How Does the U.S. Plan to Release an Eventual COVID-19 Vaccine?
By Aashvi Busa
This article was originally published on December 11th, 2020.
Ever since the beginning of the COVID-19 pandemic, there has been one question on everyone’s mind: when and how will a vaccine be released? As of now, companies around the world are working to develop a vaccine with a high success rate that is safe to use. However, we are yet to get a confirmed release date for any of them. Over 200 prototype vaccines, however, have been authorized by the World Health Organization to undergo stages of testing to prove effectiveness.
For a vaccine to be approved, it has to pass pre-clinical trials and three phases of testing in different sized groups. The pre-clinical trials are performed with animals to verify that the vaccine provokes an immune response. Then, Phase I testing is done with about 20–100 volunteers, and can help to determine how dosage correlates with possible side effects. If the vaccine is successful in Phase I, it progresses to Phase II where the vaccine is distributed between hundreds of people. Here, scientists look for common side effects and overall performance of the vaccine. If all evaluations are passed, the vaccine advances to Phase III, where it is taken by hundreds to thousands of people. It is analyzed with both a control group and a vaccinated group to compare results and ensure safety. Below is a table of the top ten vaccine candidates and the phase of testing they are presently in. Many of the companies listed are optimistic of a vaccine being approved by the end of the year as they are working through the final phase of testing.
After the pre-clinical and clinical trials, if the benefits of the test vaccine outweigh the potential risks it is granted a license by the FDA confirming that it is cleared to release to the public. Currently, the proposal for distribution of a COVID-19 vaccine is to deliver the first shipment to nursing homes where staff and patients are the most at risk for getting infected. After looking closely at data from the vaccine tests, the Advisory Committee on Immunization Practices has recommended that healthcare personnel, workers in essential industries, people with underlying medical conditions that put them at high risk, and people over the age of 65 get the vaccine first if there is a limited supply. These deductions were made to maintain a functional society and treat those most endangered of contracting the virus. The administration of the vaccine will be done by pharmaceutical companies and transportation will mostly be handled by private delivery services. This government-funded plan for the distribution of a possible vaccine is known as Operation Warp Speed and allows for rapid development and delivery while still following safety regulations.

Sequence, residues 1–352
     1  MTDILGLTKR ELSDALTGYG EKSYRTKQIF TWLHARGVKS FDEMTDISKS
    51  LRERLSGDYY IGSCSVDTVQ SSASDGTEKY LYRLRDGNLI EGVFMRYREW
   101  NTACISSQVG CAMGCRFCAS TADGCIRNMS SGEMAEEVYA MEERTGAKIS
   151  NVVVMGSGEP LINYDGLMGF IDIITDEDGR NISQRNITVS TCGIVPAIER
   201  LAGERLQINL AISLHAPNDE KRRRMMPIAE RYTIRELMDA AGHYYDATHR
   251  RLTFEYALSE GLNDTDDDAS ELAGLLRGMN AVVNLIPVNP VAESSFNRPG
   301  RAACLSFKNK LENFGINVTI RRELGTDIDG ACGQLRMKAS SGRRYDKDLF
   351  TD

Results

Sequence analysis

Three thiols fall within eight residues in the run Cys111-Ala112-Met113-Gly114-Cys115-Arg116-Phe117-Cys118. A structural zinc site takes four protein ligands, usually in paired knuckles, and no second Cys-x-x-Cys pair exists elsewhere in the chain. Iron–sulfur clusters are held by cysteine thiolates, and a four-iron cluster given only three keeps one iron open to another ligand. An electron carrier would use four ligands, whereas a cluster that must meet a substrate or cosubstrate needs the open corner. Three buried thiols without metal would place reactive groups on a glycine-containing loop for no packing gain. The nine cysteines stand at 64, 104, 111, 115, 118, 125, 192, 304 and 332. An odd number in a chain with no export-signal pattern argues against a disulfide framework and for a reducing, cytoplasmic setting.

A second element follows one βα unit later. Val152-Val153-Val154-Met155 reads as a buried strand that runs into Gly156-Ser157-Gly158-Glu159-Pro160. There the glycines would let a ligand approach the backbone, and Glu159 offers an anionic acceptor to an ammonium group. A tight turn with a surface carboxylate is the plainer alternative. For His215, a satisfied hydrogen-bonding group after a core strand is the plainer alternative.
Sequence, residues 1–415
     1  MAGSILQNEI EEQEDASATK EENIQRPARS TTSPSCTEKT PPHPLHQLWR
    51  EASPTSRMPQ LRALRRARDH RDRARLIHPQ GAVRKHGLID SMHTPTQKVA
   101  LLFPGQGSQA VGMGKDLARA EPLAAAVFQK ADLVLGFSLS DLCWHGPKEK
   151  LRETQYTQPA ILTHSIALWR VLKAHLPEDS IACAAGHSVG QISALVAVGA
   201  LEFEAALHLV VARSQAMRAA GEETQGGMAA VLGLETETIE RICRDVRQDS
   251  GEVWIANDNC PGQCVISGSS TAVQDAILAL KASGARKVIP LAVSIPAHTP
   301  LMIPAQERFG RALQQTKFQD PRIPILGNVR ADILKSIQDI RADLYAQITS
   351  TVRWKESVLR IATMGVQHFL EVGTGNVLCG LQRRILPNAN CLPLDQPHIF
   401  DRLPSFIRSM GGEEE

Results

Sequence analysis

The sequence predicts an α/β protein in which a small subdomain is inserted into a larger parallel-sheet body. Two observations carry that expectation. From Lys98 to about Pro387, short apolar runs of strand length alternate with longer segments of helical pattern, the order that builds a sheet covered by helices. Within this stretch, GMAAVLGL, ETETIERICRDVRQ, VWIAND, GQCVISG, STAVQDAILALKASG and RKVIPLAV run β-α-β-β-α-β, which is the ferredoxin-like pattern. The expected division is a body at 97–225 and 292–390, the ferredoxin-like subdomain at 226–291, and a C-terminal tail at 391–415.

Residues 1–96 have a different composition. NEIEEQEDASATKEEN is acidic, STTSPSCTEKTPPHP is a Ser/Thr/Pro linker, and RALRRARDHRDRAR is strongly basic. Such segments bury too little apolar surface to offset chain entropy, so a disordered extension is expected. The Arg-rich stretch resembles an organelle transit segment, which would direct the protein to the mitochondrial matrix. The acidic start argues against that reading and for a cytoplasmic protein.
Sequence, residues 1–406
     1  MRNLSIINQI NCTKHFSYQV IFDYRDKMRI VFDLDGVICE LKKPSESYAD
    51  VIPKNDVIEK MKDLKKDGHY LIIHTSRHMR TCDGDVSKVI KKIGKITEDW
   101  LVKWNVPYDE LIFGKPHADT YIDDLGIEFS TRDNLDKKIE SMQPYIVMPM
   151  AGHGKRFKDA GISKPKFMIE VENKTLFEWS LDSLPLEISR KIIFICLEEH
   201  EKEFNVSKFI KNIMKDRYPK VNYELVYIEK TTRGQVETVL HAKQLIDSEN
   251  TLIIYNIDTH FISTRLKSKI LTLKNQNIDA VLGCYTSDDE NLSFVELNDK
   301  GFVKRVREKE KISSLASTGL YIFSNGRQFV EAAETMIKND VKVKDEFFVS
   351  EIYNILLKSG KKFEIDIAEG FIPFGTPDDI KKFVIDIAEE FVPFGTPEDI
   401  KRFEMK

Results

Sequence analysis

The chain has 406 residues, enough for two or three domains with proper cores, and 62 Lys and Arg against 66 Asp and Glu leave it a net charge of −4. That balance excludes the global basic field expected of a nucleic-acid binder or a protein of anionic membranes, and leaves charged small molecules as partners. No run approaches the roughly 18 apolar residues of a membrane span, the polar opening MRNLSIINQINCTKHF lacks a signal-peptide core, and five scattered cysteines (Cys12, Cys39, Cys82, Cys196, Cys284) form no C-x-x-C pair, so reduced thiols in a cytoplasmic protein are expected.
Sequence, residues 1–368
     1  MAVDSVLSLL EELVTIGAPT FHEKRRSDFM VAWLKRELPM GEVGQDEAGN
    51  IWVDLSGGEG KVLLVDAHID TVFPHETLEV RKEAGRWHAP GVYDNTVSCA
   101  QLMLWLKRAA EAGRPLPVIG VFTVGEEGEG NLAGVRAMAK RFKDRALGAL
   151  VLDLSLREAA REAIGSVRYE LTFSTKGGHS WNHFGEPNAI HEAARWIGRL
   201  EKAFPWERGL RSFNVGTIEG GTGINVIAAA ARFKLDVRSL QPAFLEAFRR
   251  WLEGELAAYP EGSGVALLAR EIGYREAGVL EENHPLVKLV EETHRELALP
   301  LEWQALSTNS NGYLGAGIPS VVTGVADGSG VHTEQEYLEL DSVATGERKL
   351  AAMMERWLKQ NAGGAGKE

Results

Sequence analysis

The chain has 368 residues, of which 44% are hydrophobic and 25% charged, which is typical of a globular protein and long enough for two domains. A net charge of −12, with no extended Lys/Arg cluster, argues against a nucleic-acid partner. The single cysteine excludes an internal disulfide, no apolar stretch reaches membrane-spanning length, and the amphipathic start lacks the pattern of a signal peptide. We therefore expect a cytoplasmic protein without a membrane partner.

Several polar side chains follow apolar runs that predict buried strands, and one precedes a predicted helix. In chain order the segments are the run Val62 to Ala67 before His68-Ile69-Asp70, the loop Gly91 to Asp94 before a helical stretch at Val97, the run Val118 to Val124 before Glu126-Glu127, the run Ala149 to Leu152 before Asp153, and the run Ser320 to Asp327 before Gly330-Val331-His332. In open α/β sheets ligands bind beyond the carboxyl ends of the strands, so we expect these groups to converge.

While Operation Warp Speed has granted corporations the ability to quickly come up with a vaccine, there are still obstacles to overcome to ensure safety and effectiveness. One issue is storage as some probable vaccines such as Pfizer’s need to be kept in temperatures below 80 degrees Celsius to prevent it from degrading. To resolve this, Pfizer is planning to ship their vaccine in “Pizza boxes”, or insulated containers filled with dry ice. The company hopes that by doing so their vaccine and others required to be stored at lower temperatures will be usable. Another concern is the amount of staff available to administer the vaccines to the public. To keep up with the demand, many states are considering providing lower-level pharmacists the training to do so safely. Lastly, guaranteeing access to treatment for individuals at no-cost could pose as a challenge. To combat this the government has pre-ordered millions of doses of plausible vaccines along with clarifying legislative preconditions to allow insurance companies to provide them for free. While there are still some problems to be sorted out, the government and other corporations are working together to come up with solutions as the release of a vaccine nears.
Once a vaccine is released and distribution begins it is very likely that things won’t go back to normal right away. According to the Centers for Disease Control and Prevention, the country will reopen in three stages. Stage I will allow for businesses to open with strict social distancing guidelines, but schools and other organizations are recommended to continue online. Meetings will continue to be limited to ten people or less to ensure the prevention of a spike in cases. If there aren’t any, Stage II can commence in certain areas permitting non-essential travel to resume and gatherings of up to 50 people. In this stage schools and other businesses can properly open without strict measures in place. Finally, if everything goes to plan, the country can move to Stage III, where vulnerable individuals may stop sheltering in place and visits to nursing homes and senior centers can restart. As companies come closer to releasing a vaccine, many people are working hard to ensure the safety of the public and end the pause the pandemic has put on the world.